Funding Research

Eva's Friends is a small charity which strives to have a big impact

We are committed to funding cutting-edge research that has the potential to provide treatments and cures for rare neurological conditions in children.  Charity trustees aim to select the very best projects which are most likely to make a difference to the field of paediatric neurological research.

Current Projects

Eva's Friends is working in collaboration with the Rett Syndrome Research Trust (RSRT) to fund an exciting research project into gene therapy.  RSRT have an established global network of research teams dedicated to finding treatments and cures for Rett Syndrome and MECP2 related disorders.  By working with RSRT, we are able to leverage RSRT's extensive resource base and allocate funding quickly and efficiently.  Our collaboration with RSRT makes sure that the money you donate works as hard as possible.

MECP2 is a gene located on the X chromosome.  The protein this gene produces (MeCP2 - with a small "e") is found in all cells in the body with high concentrations found in neurons in the brain.  MECP2 ensures the maturation of the central nervous system as well as creating synaptic pathways essential for brain development.  MECP2 mutations cause lifelong neurological disorders that severely affect children's lives.  There are a number of MECP2 disorders of which Rett syndrome is one.  Many children with Rett syndrome are unable to walk, speak or use their hands.  It is a severe and debilitating disorder which robs children of the lives they deserve to lead.  However, there is hope.  Rett syndrome is one of a few neurological conditions which has shown marked symptom reversal in the laboratory.

In collaboration with RSRT, Eva's Friends is currently funding an exciting UK based project headed by Dr Stuart Cobb at the Cobb Lab, The University of Edinburgh.  A description of the project is provided below, along with a very helpful video that explains the project in easy to understand terminology.


"We are grateful for... [the] support which has enabled us to drive forward our efforts to develop in innovative form of gene therapy for Rett syndrome.  Our trans-splicing therapy replaces the faulty MECP2 gene without the drawbacks of traditional forms of gene therapy.  With the most recent award... we are excited to be able to test new ways to enhance the effectiveness of the approach.  We are upbeat about our work and are optimistic that a genetic therapy for Rett syndrome will become a reality in the years ahead."                             Stuart Cobb, The Cobb Lab, The University of Edinburgh


Spliceosome-Mediated RNA Trans-Splicing Therapy and Protein Replacement in Rett Syndrome - The Cobb Lab

Targeting MeCP2 can be done either at the DNA, mRNA or protein level. Stuart Cobb is working on all of these approaches in parallel. His work with gene therapy is being carried out as part of RSRT's Gene Therapy Consortium.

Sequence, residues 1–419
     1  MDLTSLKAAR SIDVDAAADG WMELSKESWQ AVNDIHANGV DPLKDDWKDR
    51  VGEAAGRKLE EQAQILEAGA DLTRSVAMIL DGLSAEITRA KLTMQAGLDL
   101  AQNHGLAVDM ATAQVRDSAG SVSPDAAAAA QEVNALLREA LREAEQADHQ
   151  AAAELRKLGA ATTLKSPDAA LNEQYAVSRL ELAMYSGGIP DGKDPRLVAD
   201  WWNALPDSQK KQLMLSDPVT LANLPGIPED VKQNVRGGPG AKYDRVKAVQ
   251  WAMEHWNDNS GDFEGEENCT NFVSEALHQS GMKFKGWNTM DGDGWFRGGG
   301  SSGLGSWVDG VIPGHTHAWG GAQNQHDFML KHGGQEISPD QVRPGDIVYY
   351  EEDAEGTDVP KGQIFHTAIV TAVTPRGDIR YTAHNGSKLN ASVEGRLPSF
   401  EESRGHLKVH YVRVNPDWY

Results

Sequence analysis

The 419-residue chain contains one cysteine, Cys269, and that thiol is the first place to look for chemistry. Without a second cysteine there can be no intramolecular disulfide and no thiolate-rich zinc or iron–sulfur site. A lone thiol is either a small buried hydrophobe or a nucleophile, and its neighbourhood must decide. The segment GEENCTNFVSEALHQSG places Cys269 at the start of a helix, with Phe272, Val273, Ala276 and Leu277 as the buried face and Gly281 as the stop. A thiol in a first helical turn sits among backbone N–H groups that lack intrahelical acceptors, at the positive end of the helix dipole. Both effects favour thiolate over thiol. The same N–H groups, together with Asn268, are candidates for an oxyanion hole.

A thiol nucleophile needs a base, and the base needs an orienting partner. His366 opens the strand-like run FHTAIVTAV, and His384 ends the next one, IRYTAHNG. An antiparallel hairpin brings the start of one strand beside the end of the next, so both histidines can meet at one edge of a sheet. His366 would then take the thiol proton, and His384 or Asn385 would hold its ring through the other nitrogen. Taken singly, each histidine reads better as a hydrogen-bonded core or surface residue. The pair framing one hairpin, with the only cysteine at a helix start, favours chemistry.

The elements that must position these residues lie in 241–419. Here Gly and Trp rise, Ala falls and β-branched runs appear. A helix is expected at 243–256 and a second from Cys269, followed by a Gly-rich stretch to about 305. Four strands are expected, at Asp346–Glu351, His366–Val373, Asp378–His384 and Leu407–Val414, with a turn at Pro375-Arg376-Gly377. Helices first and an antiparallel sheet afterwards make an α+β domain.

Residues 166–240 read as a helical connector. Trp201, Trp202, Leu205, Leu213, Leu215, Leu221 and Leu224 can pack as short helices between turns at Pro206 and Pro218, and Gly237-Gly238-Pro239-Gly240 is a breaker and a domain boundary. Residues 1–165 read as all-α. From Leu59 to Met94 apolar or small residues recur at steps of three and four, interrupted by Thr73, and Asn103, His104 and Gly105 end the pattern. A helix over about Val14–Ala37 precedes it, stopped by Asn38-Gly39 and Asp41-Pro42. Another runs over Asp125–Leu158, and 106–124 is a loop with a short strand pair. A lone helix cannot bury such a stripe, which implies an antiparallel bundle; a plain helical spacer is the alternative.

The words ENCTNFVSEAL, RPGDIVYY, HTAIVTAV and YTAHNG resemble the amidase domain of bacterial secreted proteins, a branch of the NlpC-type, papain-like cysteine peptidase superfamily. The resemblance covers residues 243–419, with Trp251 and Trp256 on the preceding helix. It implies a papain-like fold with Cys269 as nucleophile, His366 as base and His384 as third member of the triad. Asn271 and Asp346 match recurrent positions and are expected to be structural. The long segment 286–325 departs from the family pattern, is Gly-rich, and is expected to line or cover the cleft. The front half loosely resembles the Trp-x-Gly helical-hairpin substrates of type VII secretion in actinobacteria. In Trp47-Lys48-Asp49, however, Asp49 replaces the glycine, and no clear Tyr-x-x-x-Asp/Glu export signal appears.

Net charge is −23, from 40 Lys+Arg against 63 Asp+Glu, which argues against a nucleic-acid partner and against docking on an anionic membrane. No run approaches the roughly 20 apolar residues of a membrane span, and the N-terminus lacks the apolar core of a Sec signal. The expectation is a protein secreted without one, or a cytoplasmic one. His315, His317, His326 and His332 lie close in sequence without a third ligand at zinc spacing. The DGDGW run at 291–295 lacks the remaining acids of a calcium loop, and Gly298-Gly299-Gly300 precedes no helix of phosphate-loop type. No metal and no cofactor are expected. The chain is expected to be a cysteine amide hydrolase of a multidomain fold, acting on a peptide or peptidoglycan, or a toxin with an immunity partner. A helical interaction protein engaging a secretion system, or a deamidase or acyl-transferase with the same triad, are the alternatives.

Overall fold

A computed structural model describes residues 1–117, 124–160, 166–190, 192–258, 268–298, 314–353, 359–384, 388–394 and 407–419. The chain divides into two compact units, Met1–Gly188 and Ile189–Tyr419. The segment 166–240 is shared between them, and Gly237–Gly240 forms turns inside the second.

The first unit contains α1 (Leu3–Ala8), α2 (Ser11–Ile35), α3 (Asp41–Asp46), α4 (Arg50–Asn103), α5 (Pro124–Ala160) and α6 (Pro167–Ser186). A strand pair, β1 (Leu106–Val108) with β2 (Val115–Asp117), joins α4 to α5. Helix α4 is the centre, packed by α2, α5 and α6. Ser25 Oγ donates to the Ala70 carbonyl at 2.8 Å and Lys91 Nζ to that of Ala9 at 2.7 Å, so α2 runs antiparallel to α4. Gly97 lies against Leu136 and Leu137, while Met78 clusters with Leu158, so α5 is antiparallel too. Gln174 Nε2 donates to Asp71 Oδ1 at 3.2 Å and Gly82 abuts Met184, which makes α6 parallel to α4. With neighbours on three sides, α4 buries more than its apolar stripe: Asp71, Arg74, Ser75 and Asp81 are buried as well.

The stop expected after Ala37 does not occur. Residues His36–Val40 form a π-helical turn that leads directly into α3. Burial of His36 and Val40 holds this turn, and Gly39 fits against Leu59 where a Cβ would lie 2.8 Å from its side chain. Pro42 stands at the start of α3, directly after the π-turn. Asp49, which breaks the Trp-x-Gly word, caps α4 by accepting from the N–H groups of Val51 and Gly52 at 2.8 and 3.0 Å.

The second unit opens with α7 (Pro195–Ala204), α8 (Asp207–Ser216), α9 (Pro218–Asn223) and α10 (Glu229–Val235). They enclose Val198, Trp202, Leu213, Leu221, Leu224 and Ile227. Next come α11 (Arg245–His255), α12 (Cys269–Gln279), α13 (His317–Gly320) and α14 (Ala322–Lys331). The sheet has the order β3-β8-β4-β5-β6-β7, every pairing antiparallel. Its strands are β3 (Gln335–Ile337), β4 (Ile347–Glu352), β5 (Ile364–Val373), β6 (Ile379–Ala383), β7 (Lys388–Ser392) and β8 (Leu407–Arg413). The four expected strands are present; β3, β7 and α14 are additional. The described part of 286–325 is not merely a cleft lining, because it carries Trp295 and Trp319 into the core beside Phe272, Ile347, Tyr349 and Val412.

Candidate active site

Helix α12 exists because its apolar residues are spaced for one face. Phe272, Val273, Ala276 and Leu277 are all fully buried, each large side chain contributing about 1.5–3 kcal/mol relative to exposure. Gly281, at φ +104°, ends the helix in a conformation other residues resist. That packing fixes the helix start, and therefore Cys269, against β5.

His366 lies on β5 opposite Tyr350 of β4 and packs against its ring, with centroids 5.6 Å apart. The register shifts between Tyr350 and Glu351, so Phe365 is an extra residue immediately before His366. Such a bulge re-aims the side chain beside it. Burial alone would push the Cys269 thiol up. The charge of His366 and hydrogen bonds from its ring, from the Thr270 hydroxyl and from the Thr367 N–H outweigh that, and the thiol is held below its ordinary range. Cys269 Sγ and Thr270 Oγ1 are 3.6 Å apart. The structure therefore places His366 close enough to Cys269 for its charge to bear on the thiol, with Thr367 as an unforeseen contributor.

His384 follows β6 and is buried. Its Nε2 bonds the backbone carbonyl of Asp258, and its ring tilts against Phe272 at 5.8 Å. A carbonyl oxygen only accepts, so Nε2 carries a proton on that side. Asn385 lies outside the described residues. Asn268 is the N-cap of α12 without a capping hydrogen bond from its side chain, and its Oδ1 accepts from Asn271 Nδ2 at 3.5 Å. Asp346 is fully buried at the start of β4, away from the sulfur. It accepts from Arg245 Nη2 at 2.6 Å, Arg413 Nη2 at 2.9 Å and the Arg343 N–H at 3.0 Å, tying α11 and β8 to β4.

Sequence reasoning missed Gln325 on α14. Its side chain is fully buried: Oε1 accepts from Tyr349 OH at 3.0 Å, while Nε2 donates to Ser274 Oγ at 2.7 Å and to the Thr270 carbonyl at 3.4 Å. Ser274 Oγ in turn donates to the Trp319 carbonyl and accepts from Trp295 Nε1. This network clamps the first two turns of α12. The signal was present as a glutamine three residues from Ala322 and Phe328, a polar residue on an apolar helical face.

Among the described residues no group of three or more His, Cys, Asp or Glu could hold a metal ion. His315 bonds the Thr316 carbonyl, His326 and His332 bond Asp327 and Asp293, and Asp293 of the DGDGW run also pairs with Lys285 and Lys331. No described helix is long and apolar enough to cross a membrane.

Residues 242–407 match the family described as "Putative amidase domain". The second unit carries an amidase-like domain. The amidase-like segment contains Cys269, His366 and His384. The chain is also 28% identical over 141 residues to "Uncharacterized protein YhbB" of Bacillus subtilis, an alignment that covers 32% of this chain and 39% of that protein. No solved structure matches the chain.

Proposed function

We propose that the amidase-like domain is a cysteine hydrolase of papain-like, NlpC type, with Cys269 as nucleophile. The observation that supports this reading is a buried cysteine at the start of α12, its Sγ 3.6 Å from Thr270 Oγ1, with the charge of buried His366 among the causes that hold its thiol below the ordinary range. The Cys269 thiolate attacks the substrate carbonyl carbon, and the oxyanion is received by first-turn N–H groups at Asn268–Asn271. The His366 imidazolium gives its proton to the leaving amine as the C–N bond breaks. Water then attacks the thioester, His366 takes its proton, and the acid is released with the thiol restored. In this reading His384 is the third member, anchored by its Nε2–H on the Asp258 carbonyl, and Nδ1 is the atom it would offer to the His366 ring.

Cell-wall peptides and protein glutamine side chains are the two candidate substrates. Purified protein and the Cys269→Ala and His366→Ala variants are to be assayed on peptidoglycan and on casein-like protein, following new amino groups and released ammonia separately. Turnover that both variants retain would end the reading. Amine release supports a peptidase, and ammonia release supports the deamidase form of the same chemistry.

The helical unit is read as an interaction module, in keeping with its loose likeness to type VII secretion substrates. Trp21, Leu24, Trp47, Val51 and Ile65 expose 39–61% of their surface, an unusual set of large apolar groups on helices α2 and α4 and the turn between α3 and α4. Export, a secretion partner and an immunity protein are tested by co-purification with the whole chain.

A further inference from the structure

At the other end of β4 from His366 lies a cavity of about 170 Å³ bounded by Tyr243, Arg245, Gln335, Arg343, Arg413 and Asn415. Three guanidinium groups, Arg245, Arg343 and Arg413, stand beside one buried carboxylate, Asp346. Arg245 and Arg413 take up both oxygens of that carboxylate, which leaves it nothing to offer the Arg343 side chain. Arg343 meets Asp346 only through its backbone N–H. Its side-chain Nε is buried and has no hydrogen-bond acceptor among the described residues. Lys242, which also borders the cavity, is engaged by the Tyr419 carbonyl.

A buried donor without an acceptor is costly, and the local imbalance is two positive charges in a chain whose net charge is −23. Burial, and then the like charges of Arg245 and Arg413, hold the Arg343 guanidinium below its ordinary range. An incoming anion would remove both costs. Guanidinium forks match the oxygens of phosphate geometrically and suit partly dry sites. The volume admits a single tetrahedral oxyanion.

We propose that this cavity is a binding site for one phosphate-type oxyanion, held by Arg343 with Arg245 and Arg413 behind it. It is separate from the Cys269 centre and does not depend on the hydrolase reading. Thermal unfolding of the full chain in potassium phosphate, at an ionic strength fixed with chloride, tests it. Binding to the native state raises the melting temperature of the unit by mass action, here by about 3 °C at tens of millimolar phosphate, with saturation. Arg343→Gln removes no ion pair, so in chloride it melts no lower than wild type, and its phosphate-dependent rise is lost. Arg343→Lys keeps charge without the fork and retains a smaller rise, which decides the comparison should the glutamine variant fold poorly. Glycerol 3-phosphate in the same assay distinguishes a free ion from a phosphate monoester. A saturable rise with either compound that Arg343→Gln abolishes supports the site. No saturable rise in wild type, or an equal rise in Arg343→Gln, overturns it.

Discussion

Both the DNA and protein approaches might have a complication due to potential dosage issues (too much MeCP2 may be harmful). So Dr Cobb is also pursuing an alternative technology called Spliceosome-Mediated RNA Trans-Splicing (SMaRT). This technology allows a mutation to be spliced out and repaired in RNA, the intermediate stage between DNA and protein in the cell. The advantage is that this approach avoids any potential over-expression issues that could result from directly modifying DNA or giving extra protein. Dr Cobb’s approach aims to correct mutations in the intermediate RNA transcript, allowing the MECP2 gene and the MeCP2 protein product to remain under normal gene expression controls.

SMaRT technology will take advantage of the fact the RNA transcripts are edited (spliced) to make smaller molecules that contain the final blueprint for making the protein. Regions of the RNA transcript that are spliced out, linked together, and part of the final edited RNA are called exons, and the regions that are spliced out of the RNA transcript and not used are called introns. Dr Cobb’s approach will use an engineered MeCP2 RNA that contains a sequence of spliced-out intron 2 followed by a correct exon 3 and exon 4. The intron 2 sequence allows the engineered RNA to bind to the mutated MeCP2 RNA at the matched intron 2 sequence location. Then, during RNA splicing, the alternative and correct exon 3 and exon 4 can be used to create the final RNA molecule and protein blueprint, free of mutations. Since almost all Rett syndrome mutations occur in exon 3 or exon 4, Dr. Cobb predicts that 97% of Rett-causing mutations could be corrected with this approach.  

Development of SMaRT technology could become a therapy for clinical development in Rett syndrome patients and others with related MECP2 disorders. We think that's pretty exciting!


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